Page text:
Patients with diabetes are being targeted in the latest Medicare scam—one that’s especially worrisome because the fraudsters appear legitimate since they actually know the name and address of doctors who treat their intended victims.

“We have no idea how they have this information,” says Tamra Simpson, program director of the Senior Medicare Patrol at the Indiana Association of Area Agencies on Aging (IAAAA). “But in each call we know about, the caller knows the name of the [recipient’s] doctor—and they usually cite the [doctor’s office] address.”

Such information could come from stolen medical records or from records of patient conditions kept by pharmaceutical companies and other medical product suppliers—records that have been accessed by scammers.

The bait behind these calls is nothing new—an alleged offer for free medical supplies, which in this case is a promise of diabetes testing equipment and other medical goods. And the hook is the same: to get the beneficiaries’ Medicare number, which, of course, is that person’s Social Security number.

In the past two weeks, at least eight residents from across Indiana—all with diabetes—reported to the IAAAA that they had received phone calls asking for their Medicare numbers. Complaints of similar calls have been reported from every area code in Indiana.

At least one Californian also received a similar phone call.

In each case, Simpson notes, the caller specifically asks these Medicare beneficiaries if they have diabetes.

In some cases, the callers—who also already know the recipient’s name, address and phone number—also request the maiden name of the patient’s mother, allegedly to “verify” their identities.

So far, the phony calls have originated from Florida, but as of Thursday that number was disconnected. The callers appear to have a foreign accent, says Simpson, and have sometimes identified themselves as calling from “Med-care.”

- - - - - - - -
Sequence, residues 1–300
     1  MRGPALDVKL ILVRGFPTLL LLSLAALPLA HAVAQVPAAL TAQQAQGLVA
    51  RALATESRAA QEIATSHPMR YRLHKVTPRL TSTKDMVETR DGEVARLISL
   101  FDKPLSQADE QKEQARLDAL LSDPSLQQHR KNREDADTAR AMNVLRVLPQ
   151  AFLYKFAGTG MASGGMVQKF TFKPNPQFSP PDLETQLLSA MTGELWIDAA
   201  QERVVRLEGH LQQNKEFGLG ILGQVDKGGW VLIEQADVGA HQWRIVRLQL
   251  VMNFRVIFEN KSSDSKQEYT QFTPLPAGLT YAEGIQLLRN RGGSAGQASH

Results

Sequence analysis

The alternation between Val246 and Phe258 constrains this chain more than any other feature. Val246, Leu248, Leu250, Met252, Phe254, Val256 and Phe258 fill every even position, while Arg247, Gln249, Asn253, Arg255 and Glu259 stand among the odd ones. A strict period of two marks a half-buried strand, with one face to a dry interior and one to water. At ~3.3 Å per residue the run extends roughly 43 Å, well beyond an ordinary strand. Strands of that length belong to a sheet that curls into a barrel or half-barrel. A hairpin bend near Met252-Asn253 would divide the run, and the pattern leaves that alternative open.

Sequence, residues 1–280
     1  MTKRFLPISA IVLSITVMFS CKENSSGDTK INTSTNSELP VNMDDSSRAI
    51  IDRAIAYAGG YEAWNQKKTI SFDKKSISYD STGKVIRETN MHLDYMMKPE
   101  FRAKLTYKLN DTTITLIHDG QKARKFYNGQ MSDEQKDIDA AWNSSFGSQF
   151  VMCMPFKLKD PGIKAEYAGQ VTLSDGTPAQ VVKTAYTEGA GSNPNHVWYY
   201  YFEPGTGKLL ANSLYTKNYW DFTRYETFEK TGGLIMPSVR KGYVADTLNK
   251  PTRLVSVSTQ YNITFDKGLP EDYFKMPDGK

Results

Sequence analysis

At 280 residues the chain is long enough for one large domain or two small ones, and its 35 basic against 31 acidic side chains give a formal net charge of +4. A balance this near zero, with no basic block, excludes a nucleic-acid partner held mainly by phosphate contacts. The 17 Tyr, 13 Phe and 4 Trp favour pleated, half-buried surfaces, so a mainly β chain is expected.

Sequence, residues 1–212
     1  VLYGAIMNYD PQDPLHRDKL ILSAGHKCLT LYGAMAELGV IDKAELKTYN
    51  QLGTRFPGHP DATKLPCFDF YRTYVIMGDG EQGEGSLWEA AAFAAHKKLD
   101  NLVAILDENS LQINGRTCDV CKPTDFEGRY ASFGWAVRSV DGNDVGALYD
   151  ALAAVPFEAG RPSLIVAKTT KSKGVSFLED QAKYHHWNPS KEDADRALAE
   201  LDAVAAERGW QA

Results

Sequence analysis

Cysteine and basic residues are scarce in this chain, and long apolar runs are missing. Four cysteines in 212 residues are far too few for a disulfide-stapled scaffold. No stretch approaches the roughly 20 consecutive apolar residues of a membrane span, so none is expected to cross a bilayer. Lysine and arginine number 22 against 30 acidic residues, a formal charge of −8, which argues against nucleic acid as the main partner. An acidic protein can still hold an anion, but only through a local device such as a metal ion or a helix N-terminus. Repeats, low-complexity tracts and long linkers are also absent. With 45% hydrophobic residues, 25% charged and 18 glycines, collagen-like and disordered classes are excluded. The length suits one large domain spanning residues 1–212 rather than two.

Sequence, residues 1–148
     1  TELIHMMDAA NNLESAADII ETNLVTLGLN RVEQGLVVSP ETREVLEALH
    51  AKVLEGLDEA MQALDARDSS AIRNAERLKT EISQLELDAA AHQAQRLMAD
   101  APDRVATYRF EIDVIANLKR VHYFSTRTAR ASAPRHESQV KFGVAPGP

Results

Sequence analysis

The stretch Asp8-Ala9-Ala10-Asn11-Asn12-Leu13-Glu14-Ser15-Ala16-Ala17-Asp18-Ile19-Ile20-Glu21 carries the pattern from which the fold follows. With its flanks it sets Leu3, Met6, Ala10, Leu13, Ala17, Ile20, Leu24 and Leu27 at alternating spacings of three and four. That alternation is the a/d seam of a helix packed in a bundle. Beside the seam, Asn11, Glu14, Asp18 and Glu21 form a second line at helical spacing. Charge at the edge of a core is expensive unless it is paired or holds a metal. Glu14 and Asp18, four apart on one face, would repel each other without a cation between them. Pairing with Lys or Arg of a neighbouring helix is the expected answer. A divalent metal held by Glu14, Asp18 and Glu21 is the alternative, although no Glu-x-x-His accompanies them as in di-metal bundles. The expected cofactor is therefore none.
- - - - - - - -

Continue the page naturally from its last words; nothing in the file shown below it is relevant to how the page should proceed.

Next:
This new scam comes on the heels of others tied to the $250 “doughnut hole” rebate checks, which are now arriving to eligible Medicare recipients. The first batch of those checks was mailed June 10, to about 80,000 people, and will continue monthly throughout 2010. Those checks are sent automatically—with no forms or other action needed—once Part D enrollees have spent at least $2,830 out of pocket on prescription medications since Jan. 1.

Some scam callers posing as government workers say the checks will be issued only after Medicare numbers are confirmed with them. Other scams involve false claims from unscrupulous insurance agents who say additional policies are needed under health care reform. The bottom line: Never provide your Medicare number or other personal information to an unknown caller. And don’t be fooled into buying a supplemental policy tied to the rebate checks. Such policies can be useful but aren’t required in order to receive the $250.

If you are contacted about this new scam, or any other Medicare inquiry, report it to that agency at 1-800-MEDICARE (1-800-633-4227) as well as your local Area Agency on Aging at 1-800-986-3505.

Courtesy of AARP

HHS Launched Health Reform Site

HHS launches new website dedicated to health reform.

On March 5, 2009, the Department of Health and Human Services (HHS) issued a Press Release announcing that it has launched a new website dedicated to health reform.

The new website contains a report entitled Americans Speak on Health Reform: Report on Health Care Community Discussions, which is a summary and analysis of reports from 3,276 health care community discussions and 30,603 participant surveys on health reform that took place in December 2008.

Source: Medicare Update